House redistricting panel splits Davidson congressional map three ways
Snickers and gasps filled a House meeting room Wednesday when Republicans revealed a congressional redistricting map that splits Davidson County three ways.
Most onlookers knew what was coming, but they were still shocked when they saw it.
Democratic state Rep. Antonio Parkinson of Memphis summed it up best: “When this map was unveiled you could hear the air suck out of the room.”
The plan is to be voted on again Wednesday by the House Public Service Committee.
Parkinson, who voted against the map along with Democratic colleagues on the House ad hoc redistricting committee, called it a “vicious map,” saying controlling Republicans left “no stone unturned to give a hundred-year advantage to the majority party.”
Parkinson and Rep. Bob Freeman, a Nashville Democrat, both questioned the potential “dilution” of minority residents in Davidson County, and House Minority Leader Karen Camper pointed out the map also does a disservice to voters in Memphis and Shelby County where the 9th Congressional District represented by Democratic U.S. Rep. Steve Cohen will go north to take in Tipton County and cut out some parts of inner Shelby County.
The 5th District, represented by longtime Democratic U.S. Rep. Jim Cooper, will take in southern and easternmost Davidson County, western and central Wilson County, eastern Williamson County and all of Maury, Marshall and Lewis counties.
With a population of 767,781, 70.8% of its voters will be white, 11.9% Black, 4.25% Asian and 10.3% Hispanic. That means 5th would not be a minority majority district or an opportunity district in which a minority could swing the vote.
The 6th Congressional District, represented by Republican U.S. Rep. John Rose, will take in an eastern part of Davidson County, in addition to all of Sumner County and the northern and eastern parts of Wilson, as well as several counties in upper Middle Tennessee to the Cumberland Plateau.
It would have a population of 767,972, 79.1% white voters, 9% Black, 1.1% Asian and 7.7% Hispanic.
The 7th Congressional District, represented by Republican U.S. Rep. Mark Green of Ashland City, will take in central, northern and western Davidson County, western Williamson County and most of the rural counties in Middle Tennessee east of the Tennessee River.
The new 7th would have 767,871 residents, 71% white, 16% Black, 2% Asian and 7.4% Hispanic.
Republican lawmakers in charge of the committee allowed two other maps to be presented but gave them no consideration. Democrats also failed to call for a vote on their own plan.
After Speaker Pro Tem Pat Marsh introduced the Republican plan, Camper, a Memphis Democrat, tried to stop the vote but to no avail.
Camper concurred with Parkinson’s assessment that the plan is “vicious,” saying, “I think we need to keep this map in this committee and have a deeper conversation.”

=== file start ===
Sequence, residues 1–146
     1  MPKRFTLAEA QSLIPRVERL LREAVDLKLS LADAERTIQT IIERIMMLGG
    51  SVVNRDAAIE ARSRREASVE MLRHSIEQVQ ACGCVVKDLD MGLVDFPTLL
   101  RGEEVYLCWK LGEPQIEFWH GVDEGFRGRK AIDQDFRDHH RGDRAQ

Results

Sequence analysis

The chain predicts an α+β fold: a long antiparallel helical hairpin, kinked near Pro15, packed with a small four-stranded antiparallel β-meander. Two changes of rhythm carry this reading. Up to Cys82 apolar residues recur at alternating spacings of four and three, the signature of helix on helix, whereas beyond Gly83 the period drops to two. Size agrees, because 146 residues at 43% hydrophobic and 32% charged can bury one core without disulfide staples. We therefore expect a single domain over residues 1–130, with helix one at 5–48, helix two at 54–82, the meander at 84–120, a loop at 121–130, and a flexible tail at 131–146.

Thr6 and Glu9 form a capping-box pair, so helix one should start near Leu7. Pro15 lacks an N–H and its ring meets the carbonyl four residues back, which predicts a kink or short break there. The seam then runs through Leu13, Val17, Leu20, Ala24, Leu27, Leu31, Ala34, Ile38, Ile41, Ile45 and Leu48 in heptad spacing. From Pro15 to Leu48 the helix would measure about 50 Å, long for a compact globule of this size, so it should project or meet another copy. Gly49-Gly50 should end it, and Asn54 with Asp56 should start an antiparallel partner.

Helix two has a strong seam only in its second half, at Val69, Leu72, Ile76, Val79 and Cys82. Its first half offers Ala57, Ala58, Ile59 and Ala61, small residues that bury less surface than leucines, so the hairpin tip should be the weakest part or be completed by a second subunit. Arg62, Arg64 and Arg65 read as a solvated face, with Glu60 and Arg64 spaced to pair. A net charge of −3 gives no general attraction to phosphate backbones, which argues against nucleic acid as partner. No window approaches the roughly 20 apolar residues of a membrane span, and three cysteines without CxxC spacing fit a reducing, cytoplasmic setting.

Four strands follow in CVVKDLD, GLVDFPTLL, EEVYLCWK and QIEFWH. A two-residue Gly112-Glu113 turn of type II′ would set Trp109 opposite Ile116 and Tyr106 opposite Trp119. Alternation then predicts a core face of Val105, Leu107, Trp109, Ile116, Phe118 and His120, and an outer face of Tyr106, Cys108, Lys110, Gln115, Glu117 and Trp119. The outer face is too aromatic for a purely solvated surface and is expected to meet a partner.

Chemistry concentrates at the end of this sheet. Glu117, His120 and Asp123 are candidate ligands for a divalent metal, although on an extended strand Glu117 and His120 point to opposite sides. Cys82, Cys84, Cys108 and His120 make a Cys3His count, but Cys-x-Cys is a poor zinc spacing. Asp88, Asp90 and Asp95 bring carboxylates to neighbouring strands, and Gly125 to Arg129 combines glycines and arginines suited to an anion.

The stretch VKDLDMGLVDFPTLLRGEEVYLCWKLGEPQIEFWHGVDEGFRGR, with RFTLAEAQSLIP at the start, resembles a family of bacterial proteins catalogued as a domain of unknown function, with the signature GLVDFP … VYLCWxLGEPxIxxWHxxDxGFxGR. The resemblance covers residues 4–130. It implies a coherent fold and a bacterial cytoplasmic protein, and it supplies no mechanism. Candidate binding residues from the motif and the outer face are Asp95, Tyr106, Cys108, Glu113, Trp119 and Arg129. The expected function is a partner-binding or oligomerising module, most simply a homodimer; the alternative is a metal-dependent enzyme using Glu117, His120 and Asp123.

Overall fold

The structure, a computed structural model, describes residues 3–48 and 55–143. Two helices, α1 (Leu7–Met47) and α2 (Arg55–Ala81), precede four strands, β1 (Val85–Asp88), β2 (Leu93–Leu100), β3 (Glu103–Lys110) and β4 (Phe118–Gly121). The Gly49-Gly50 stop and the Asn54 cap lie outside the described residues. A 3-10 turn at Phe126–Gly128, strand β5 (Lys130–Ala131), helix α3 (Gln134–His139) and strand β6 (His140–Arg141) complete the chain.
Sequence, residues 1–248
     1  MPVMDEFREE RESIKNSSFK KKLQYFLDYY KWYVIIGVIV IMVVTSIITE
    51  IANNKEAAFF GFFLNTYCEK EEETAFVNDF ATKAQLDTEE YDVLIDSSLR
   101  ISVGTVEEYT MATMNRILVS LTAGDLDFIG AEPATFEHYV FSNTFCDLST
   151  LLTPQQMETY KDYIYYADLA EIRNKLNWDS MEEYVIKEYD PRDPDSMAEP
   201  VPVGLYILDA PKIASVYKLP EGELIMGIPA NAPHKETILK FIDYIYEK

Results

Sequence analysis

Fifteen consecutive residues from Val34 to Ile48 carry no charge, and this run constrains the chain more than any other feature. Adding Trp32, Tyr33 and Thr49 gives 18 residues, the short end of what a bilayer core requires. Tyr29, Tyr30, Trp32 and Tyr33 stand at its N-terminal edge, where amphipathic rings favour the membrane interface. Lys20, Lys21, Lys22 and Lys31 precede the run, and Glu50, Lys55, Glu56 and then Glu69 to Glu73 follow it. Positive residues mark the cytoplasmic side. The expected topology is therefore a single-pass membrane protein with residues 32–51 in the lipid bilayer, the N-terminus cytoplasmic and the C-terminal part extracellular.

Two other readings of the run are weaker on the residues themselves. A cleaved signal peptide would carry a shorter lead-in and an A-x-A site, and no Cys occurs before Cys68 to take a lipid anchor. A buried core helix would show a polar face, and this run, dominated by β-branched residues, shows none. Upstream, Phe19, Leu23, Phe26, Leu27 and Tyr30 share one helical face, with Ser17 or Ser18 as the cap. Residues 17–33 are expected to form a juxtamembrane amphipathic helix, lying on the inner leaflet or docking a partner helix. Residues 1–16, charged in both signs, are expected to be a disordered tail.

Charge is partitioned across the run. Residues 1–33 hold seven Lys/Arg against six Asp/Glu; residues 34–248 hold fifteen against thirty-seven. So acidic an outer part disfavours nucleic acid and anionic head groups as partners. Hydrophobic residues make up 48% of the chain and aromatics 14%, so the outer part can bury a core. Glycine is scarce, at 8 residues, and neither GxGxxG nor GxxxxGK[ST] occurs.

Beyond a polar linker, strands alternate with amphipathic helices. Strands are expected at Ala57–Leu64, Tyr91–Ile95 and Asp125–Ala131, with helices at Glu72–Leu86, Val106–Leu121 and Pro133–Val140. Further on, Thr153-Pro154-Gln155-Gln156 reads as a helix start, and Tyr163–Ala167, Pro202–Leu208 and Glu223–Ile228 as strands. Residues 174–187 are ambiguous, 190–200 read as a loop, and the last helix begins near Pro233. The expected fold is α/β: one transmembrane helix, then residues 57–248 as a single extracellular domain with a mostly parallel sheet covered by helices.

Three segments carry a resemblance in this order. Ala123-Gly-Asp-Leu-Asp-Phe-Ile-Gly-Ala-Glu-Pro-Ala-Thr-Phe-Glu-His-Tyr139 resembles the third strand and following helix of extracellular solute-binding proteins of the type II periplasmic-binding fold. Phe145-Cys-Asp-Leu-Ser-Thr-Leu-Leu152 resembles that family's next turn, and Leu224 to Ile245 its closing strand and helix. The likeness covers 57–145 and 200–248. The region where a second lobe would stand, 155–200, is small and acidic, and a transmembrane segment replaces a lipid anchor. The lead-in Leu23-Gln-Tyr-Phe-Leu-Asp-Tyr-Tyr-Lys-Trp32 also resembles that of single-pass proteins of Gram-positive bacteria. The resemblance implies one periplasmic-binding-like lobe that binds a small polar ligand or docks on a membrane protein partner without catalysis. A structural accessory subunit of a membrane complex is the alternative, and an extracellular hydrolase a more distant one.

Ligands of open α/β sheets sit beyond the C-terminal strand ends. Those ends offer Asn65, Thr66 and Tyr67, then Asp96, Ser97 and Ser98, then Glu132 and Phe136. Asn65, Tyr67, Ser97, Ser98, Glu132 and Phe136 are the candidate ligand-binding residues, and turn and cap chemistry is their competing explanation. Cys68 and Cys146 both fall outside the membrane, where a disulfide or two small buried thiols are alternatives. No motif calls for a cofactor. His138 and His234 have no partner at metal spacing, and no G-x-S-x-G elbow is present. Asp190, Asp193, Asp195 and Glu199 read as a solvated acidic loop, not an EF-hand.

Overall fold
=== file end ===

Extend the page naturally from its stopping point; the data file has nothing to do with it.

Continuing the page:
House Majority Leader William Lamberth, however, argued that the process has been going on for months and “robust debate” will continue as it goes through the committee system.
“To stonewall the process at this juncture, it would be premature to cut off debate,” said Lamberth, a Portland Republican.
Parkinson also argued that he and Democratic members of the committee hadn’t seen the map until it was presented Wednesday. But Deputy Speaker Curtis Johnson, chairman of the committee, forged ahead with the vote.
Republicans on the committee went out a side door after the meeting and did not answer questions.
For months, Democrats raised concerns that Republicans would break Davidson County into pieces in an effort to elect a Republican, giving the state eight Republicans and only one Democrat instead of two.
House Speaker Cameron Sexton, though, said this week the proposed map is not a political move. He argued that district lines don’t determine whether a Democrat or Republican is elected.
There is no way to say the needs of Lewis County are being well-represented by leaking it into Davidson County and vice-versa.
The Senate congressional plan, which is to be shown Thursday in a redistricting committee meeting, is similar to the House plan and is expected to receive approval.
Sen. Heidi Campbell, who serves on the Senate panel, predicted communities would lose representation and minorities would lose access to the political process under this proposal. Democrats argued that their proposal would keep communities with the same interests in the same congressional districts.
“Rigging a map by dividing a community like Nashville will deny Davidson County voters a congressional representative who is solely focused on local issues. And it also denies suburban and rural counties an elected official who is focused on their community’s concerns,” said Campbell, a Nashville Democrat.
The League of Women Voters presented a map in concert with other groups, one that would keep Davidson County whole.
Debbie Gould, president of the Tennessee League of Women Voters, called the proposed map a “real disservice to the people of Davidson County to lose their representation that way.
“There is no way to say the needs of Lewis County are being well-represented by leaking it into Davidson County and vice-versa,” Gould said.
Odessa Kelly, who is running against Cooper in the current 5th Congressional District, bashed the plan, accusing the committee of introducing a “new era of Jim Crow.”
“They did this just to dilute the voices of black and brown. They did this to kill democracy, to make sure there is no progressive thought that can move forward,” Kelly said.